in brief: vote 1 for women
Campaign 2016 closes up for Australia’s political hopefuls in just two days. Recent research based on Twitter users suggests young people and women are the group most undecided – or more aptly, weighing up their options – about how to exercise their democratic right. As the federal election’s vote grows nearer, sometimes a second opinion can help give clarity on where our vote is really going.
To assist in deliberations, Fair Agenda have released their scorecard for the major (and some more notable) political parties contesting seats in the House of Representatives and Senate this Saturday, delving into their commitment to women’s issues. Their analytical tool brings the parties under a new focus, looking beyond who can deliver a surplus, Jobs and Growth, 100 Positive Policies and other rhetoric. Fair Agenda – a self-described ‘a community of 35,000 Australians campaigning for a fair and equal future for women’ – canvassed the both persuasions of the Coalition, as well as Labor, the Greens, the Sex Party, Nick Xenophon Team, the Glenn Lazarus Team, Jacqui Lambie Network, and the Christian Democratic Party to determine how they would govern or what they would advocate for in their duties.
Instead of allowing themselves to analyse policy (or lack thereof) delving into family violence services, family law safety improvements, paid parental leave, economic equality, and reproductive rights, Fair Agenda has turned to the people who will have to deal with the immediate impacts of any given legislation and funding commitments on the ground. In their own words, they ‘worked with Domestic Violence NSW, Domestic Violence Victoria, Women’s Legal Services Australia, Family Violence Prevention Legal Services, National Association of Community Legal Centres, No To Violence/Men’s Referral Service, Reproductive Choice Australia and the National Foundation of Australian Women to score their stance on key policies’.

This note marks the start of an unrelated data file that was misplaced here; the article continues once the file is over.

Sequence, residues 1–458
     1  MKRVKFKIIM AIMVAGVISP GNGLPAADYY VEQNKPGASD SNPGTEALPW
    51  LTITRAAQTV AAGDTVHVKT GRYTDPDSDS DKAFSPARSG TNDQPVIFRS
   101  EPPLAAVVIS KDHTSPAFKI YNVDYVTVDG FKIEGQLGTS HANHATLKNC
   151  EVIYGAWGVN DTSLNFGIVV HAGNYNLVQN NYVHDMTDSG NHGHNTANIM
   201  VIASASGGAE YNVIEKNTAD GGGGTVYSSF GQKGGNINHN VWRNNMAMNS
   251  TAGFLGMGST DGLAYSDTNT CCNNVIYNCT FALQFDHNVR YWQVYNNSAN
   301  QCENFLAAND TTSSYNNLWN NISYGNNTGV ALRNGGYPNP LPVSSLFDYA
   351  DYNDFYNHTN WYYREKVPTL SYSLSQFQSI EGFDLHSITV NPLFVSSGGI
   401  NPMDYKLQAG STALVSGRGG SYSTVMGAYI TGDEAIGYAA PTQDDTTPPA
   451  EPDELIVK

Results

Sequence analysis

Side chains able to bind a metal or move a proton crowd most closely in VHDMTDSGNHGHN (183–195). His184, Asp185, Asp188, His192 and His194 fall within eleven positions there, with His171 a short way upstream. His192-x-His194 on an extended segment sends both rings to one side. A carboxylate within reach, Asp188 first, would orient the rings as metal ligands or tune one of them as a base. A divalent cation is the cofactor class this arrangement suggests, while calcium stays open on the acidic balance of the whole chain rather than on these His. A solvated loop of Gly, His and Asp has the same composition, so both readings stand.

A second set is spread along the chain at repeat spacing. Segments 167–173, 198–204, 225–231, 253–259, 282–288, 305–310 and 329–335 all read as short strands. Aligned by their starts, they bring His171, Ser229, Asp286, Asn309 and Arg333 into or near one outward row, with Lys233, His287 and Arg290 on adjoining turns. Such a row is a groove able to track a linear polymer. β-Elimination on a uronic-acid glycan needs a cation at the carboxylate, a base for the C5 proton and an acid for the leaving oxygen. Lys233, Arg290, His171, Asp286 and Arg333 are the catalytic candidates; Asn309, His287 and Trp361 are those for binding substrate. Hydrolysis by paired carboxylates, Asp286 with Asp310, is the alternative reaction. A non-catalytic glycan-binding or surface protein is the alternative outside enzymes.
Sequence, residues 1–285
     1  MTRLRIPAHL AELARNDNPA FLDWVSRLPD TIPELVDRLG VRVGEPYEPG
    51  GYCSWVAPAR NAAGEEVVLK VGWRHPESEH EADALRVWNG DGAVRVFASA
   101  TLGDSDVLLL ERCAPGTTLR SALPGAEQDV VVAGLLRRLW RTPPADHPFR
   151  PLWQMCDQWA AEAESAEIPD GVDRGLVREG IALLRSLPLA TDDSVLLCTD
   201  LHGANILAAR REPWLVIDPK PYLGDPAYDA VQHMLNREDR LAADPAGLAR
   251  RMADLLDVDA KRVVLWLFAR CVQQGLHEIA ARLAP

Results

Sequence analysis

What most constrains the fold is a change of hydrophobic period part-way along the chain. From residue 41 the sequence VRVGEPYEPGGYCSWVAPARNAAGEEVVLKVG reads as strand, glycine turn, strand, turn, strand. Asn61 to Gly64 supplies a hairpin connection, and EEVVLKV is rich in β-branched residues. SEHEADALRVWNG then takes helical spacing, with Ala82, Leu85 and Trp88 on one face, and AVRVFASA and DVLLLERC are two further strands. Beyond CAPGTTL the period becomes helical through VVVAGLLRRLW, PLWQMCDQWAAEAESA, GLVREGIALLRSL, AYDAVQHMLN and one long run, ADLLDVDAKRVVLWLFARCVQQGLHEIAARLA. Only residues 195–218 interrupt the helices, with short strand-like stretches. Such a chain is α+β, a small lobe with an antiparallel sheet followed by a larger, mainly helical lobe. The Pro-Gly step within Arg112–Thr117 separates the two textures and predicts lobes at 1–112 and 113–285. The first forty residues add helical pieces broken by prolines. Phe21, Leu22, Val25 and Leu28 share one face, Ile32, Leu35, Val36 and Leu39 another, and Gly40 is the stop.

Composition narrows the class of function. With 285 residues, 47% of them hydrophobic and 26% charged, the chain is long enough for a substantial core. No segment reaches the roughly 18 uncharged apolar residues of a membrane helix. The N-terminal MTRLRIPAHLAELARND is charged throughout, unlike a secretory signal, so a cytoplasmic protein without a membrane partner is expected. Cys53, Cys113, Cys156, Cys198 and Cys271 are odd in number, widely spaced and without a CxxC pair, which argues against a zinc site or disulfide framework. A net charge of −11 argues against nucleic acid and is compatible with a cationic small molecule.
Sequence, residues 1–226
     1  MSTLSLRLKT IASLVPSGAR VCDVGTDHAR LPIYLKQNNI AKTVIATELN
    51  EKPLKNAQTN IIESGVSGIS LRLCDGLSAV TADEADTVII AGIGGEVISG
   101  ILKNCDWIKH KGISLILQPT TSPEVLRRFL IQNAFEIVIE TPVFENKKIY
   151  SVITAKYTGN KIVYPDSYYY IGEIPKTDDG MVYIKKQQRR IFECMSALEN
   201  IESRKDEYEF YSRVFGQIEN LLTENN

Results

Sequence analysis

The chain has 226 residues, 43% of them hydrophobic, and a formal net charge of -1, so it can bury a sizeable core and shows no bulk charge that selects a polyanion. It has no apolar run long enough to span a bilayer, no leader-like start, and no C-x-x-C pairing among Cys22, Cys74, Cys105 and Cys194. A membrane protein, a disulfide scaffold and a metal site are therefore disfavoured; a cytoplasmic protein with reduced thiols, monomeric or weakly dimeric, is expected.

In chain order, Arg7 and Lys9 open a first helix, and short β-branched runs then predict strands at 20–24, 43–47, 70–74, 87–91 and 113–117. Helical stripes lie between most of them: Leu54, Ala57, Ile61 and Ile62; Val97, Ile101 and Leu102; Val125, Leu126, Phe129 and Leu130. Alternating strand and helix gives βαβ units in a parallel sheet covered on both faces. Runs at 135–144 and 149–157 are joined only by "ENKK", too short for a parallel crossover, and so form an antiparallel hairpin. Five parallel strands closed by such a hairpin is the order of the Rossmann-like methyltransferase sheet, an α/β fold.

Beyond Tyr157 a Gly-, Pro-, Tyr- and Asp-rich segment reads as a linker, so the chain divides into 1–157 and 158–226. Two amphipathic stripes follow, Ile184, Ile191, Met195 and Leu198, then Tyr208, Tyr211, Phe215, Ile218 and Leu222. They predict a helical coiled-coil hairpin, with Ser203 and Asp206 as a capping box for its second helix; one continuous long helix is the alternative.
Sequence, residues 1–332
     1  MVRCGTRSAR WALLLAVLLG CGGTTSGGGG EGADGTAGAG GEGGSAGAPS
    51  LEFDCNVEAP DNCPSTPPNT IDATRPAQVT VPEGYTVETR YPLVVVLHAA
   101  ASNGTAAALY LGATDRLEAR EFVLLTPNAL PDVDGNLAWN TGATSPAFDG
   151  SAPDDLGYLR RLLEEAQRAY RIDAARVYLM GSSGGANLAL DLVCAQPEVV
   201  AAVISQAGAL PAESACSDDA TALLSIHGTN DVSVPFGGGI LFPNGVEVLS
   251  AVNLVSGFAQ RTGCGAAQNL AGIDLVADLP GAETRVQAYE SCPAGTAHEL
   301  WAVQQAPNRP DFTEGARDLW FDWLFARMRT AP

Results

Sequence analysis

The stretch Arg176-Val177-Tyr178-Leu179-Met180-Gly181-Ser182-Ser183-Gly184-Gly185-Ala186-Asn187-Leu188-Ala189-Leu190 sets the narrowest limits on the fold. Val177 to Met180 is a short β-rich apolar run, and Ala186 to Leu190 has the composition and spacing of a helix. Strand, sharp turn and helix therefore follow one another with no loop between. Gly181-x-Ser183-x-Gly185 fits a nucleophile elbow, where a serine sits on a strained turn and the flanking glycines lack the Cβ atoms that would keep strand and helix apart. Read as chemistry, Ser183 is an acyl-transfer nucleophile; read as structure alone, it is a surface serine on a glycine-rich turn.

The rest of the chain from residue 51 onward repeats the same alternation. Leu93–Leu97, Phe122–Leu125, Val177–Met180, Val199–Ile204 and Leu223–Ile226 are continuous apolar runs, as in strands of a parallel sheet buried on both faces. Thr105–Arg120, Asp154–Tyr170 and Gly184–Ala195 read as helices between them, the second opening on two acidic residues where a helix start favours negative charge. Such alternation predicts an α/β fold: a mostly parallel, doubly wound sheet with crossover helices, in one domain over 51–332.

Making it a simple case of colour-coding, Fair Agenda notes green signifies these services have given policies a score of 80-100%. Yellow is a bit meh at 50-79%. While anything under is red, connoting DANGER DANGER DANGER – just as mother nature might give hint of poisonous critters. Grey is also on the spectrum to indicate the parties have no direction on the issue in question.
To discover the parties’ true colours, you can find the graph and more analytical tools here.